It is worth highlighting just how lovely the game looks and sounds. This game is beautiful and the music is of the highest standard. We expect no less from a Nifflas game and in that department Knytt Underground can never be faulted. When transferred to the Vita (Knytt is cross buy), it looks all the more beautiful.

The Vita seems to be the natural home of Knytt Undeground, which makes it all the more surprising that save points are often miles away from each other. There are a lot of them, but instead of putting them at the start of tricky sections (like in Within a Deep Forest ), they are often located away from the area requiring players to back track.

Back tracking is something that can begin to hinder the experience. We lost count of the amount of times we trekked along a tunnel for five or six screens only to reach a character telling us we needed to bring a certain item to them. This then meant trekking back through all the screens again. There really isn’t a need for this and you wonder if the game would have benefitted from a slightly smaller, more focused, map without many of the empty screens.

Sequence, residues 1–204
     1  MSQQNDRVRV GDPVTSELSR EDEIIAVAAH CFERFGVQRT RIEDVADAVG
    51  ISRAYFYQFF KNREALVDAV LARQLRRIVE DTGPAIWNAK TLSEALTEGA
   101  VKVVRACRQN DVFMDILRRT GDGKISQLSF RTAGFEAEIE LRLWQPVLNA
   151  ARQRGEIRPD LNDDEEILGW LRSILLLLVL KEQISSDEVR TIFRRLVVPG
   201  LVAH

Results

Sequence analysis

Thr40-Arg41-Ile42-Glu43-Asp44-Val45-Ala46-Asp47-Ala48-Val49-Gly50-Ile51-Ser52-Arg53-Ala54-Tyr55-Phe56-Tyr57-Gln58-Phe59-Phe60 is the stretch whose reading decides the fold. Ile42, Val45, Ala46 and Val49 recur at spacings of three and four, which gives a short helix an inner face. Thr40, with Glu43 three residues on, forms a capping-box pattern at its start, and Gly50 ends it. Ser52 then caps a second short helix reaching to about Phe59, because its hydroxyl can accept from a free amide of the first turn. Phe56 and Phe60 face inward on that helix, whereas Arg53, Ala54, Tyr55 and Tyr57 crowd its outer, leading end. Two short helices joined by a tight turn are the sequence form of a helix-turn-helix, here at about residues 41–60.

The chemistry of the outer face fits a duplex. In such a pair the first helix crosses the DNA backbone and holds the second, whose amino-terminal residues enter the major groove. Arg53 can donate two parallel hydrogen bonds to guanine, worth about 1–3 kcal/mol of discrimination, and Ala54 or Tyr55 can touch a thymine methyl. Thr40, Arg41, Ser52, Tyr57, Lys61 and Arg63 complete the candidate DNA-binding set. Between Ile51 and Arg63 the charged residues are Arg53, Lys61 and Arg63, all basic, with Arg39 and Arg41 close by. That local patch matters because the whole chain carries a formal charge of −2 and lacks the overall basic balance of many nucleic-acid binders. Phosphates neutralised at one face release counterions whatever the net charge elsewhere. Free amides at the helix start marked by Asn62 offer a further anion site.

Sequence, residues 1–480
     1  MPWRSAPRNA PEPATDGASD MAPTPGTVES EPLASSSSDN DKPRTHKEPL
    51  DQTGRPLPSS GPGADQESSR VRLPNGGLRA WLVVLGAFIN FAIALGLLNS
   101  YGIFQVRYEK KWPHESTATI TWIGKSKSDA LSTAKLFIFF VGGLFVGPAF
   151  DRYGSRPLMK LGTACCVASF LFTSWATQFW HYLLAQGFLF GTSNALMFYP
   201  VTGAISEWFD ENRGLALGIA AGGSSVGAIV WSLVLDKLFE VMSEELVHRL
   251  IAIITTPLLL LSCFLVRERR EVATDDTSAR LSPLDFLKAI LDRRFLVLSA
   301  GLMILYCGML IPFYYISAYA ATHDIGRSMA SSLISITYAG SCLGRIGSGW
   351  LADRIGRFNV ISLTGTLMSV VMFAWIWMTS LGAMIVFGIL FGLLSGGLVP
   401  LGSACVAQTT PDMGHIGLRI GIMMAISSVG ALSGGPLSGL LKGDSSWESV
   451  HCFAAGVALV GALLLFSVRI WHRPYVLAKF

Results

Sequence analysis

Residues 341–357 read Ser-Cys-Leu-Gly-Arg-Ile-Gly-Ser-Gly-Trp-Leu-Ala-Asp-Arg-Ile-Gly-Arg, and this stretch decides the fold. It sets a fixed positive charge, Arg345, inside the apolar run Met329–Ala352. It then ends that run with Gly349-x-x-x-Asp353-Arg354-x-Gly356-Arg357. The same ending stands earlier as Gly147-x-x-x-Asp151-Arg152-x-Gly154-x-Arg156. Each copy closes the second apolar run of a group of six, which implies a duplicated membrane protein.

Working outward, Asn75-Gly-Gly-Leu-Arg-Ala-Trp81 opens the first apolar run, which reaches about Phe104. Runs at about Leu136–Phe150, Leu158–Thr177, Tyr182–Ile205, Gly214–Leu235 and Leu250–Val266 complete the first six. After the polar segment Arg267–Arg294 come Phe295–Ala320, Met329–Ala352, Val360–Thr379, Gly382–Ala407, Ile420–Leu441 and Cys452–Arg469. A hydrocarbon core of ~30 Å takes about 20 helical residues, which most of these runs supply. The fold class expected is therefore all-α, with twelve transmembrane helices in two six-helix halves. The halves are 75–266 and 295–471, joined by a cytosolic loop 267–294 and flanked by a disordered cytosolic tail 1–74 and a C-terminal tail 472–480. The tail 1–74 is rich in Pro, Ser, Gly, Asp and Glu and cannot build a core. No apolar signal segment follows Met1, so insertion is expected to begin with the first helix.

Overall, Knytt Underground is a promising start for Nifflas in the realm of console gaming. The look and sound of the game is gorgeous and easily rivals the best of the Playstation Network. The game itself gives players a huge world to explore but many may well feel that it lacks focus and a real sense of rewards for the skill you need in order to progress. Those looking for an adventure set at a slower pace will love it, while others will be left wanting a bit more excitement.

7/10

Read our review of Within a Deep Forest.

Monday, 24 December 2012

SURGE Review (PS Vita)


Future Lab is a relatively new development company, but already they have a strong record in the realm of portable gaming. No matter what they produce it seems to raise the bar with regards to what we expect from our mobile devices. Our love for Velocity is well documented but since then the Brighton based studio has been developing a number of Playstation Mobile games, the latest of which is ‘SURGE’

SURGE is a puzzle game which utilises the touch screen. The aim is simply to connect blocks of the same colour to one another with an electrical current. Using your finger you need to drag from one block to the next to create as big a chain as possible. Like all good puzzle games the premise is simple but in practice it all becomes highly addictive.

The idea is to clear the screen before a pressure gauge explodes. In order to stop this happening you need to clear an entire horizontal row an open valves at both sides of the screen. This releases the pressure and adds a point bonus to the blocks of corresponding colour. On top of this ticking time bomb there is a normal time limit as well. When that expires more blocks fall into the screen. It starts out simply but by the end descends into panic stricken madness of the best kind.